You can write all the laws you want, including one that says everyone must have a unicorn and a permanent solar-powered rainbow in their living room, but you can't repeal the laws of economics. Economic reality and human psychology dictate, and history has made it abundantly clear,
that there ain't no such thing as a free lunch. Show me one, ONE,
example where any government, not just ours, got involved in the
distribution of goods and/or services and made them cheaper and more
abundant. Human history is littered with myriad failures of societies
that went down this path, and we are watching more crumble before our
eyes. Now we face the undoing and the recovery, a long and painful but
inevitable process. Yet, so-called "progressives," in their naively ignorant idealism, always know better. And so it goes ... Become educated.
The depth of my anger today is incalculable.
Yesterday, I lived in a nation that, while flawed, offered the individual citizen the most freedom from interference by the central government of any on Earth. Today ‒ thanks to hundreds of fools in the Capitol and five more fools in black robes across the street ‒ I may as well be living in Denmark.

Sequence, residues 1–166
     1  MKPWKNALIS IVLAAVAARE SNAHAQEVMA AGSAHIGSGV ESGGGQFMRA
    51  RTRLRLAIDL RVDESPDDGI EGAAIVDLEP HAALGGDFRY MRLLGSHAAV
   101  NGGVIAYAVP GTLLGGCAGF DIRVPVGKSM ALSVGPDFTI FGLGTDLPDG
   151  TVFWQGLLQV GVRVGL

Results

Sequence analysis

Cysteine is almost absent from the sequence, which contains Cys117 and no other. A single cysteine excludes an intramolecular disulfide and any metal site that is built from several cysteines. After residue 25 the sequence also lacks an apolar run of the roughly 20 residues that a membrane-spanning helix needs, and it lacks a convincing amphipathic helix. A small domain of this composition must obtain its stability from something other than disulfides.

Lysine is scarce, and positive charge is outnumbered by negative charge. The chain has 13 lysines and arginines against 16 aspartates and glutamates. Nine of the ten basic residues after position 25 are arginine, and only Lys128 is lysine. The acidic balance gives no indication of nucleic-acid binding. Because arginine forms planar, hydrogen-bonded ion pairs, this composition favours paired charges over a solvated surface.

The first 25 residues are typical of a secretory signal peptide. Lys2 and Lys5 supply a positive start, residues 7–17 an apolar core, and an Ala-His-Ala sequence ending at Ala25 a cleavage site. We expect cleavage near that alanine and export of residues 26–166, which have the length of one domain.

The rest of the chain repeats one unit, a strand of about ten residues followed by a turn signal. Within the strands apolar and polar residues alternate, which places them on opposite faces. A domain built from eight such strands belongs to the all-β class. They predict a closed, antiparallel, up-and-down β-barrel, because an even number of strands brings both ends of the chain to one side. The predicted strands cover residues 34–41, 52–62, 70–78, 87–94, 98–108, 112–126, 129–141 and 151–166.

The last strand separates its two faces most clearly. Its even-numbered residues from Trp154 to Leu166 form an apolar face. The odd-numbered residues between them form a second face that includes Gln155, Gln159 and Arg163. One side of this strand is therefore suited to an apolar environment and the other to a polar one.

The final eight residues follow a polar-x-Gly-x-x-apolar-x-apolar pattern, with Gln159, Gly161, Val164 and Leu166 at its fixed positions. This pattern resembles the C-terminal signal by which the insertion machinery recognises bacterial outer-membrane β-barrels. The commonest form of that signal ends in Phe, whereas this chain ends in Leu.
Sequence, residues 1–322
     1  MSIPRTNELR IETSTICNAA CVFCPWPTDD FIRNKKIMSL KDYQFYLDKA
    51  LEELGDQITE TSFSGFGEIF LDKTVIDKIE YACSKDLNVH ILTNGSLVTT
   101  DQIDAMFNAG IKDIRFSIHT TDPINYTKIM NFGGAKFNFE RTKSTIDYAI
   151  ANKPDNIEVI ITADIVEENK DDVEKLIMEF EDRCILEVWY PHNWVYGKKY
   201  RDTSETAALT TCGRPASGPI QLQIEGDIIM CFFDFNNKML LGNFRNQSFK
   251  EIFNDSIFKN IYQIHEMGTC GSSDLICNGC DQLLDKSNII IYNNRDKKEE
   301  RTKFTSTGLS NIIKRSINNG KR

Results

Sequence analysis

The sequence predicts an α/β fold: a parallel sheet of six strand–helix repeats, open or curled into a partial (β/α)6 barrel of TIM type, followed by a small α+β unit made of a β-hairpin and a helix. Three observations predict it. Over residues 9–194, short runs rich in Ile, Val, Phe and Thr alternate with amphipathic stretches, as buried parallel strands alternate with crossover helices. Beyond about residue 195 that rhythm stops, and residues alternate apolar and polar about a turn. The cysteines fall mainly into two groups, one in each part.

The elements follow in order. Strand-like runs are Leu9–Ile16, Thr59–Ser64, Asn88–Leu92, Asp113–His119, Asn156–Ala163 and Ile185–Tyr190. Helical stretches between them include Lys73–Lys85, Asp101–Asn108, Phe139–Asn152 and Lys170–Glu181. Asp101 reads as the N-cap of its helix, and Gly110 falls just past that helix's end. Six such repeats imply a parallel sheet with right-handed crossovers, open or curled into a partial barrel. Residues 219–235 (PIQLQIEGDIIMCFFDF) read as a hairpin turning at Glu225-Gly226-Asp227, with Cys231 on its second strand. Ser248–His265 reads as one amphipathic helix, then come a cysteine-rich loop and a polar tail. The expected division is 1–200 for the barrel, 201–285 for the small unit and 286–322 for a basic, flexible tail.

Health insurance is a commodity, no different in kind from a grain futures contract or an airline ticket. The notion that the U.S. Constitution grants the federal government the power to compel me to buy any commodity, whether under the guise of a tax or some other scheme, is idiotic and infuriating.
There is now nothing beyond the scope of the central government, and anyone who thinks otherwise, just wait. The last gate across the road to serfdom has been knocked down.
John Roberts, with one incomprehensible and inexcusable lapse of reason, you have joined yourself inextricably with Roger B. Taney in the timeless halls of infamy.
According to the NRA, Indiana has more than 250,000 right-to-carry gun permit holders, many of whom carry firearms during their commutes to and from work. Furthermore, in March 2009, Indiana Gov. Mitch Daniels signed NRA-backed legislation allowing employees to store legally owned firearms in locked, private motor vehicles while parked in employer parking lots. (Florida has a similar law.) Yet somehow Indiana, with all those gun-toting folks, has not become a killing zone, as the chart below indicates.